A research team co-led by UCL has solved a decades-old mystery as to how Jupiter produces a spectacular burst of X-rays every few minutes. The X-rays are part of Jupiter's aurora - bursts of visible and invisible light that occur when charged particles interact with the planet's atmosphere. A similar phenomenon occurs on Earth, creating the northern lights, but Jupiter's is much more powerful, releasing hundreds of gigawatts of energy, enough to briefly power all of human civilisation*.

Astronomy / Space Science - Physics - 09.07.2021
New Type of Stellar Grain Discovered
New Type of Stellar Grain Discovered
Unusual chemistry of grain could tell scientists more about the origin of Earth's water Scientists have discovered a new type of star dust whose composition indicates that it formed during a rare form of nucleosynthesis (the process through which new atomic nuclei are created) and could shed new light on the history of water on Earth.

Astronomy / Space Science - Physics - 08.07.2021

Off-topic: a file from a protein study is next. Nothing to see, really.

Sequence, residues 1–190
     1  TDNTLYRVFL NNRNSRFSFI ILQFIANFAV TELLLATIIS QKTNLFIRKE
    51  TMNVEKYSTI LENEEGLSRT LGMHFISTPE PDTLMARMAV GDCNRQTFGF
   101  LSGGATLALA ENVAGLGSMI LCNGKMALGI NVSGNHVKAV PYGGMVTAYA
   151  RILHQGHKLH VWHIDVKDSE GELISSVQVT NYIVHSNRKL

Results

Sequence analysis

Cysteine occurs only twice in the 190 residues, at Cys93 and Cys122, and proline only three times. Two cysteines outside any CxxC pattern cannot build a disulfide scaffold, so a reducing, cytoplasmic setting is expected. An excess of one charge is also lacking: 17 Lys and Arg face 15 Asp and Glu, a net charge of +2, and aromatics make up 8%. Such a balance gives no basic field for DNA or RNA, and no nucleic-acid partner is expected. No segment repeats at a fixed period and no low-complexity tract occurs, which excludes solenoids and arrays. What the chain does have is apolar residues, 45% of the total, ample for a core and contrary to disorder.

Ancient star death unlocks 13-billion-year space mystery
Ancient star death unlocks 13-billion-year space mystery
In a world-first, astronomers from The Australian National University (ANU) have discovered evidence of a massive explosion that led to the destruction of a rapidly spinning, strongly-magnetized star.   The so-called "magneto-rotational hypernova" occurred around a billion years after the Big Bang and was 10-times more energetic than a supernova.    The breakthrough discovery, led by an international team of scientists, offers clues for why an unusually high concentration of metal elements were present in another ancient Milky Way star.

Physics - Mathematics - 07.07.2021
Zeitabhängige Berechnung eines Bose-Einstein-Kondensats
The term Bose-Einstein condensate describes a state of matter in which atoms or elementary particles combine into a single quantum mechanical object during extreme cooling. Science does not yet fully understand exactly how these macroscopic states - beyond the confines of traditional physics - develop from a thermal atomic cloud in just a few milliseconds and when statistical equilibrium is reached, according to Georg Wolschin.

Life Sciences - Physics - 05.07.2021
Researchers image an entire mouse brain for the first time
Advanced X-ray technology allows researchers to measure from synapse to whole brain level Researchers at the University of Chicago and Argonne National Laboratory have imaged an entire mouse brain across five orders of magnitude of resolution, a step which researchers say will better connect existing imaging approaches and uncover new details about the structure of the brain.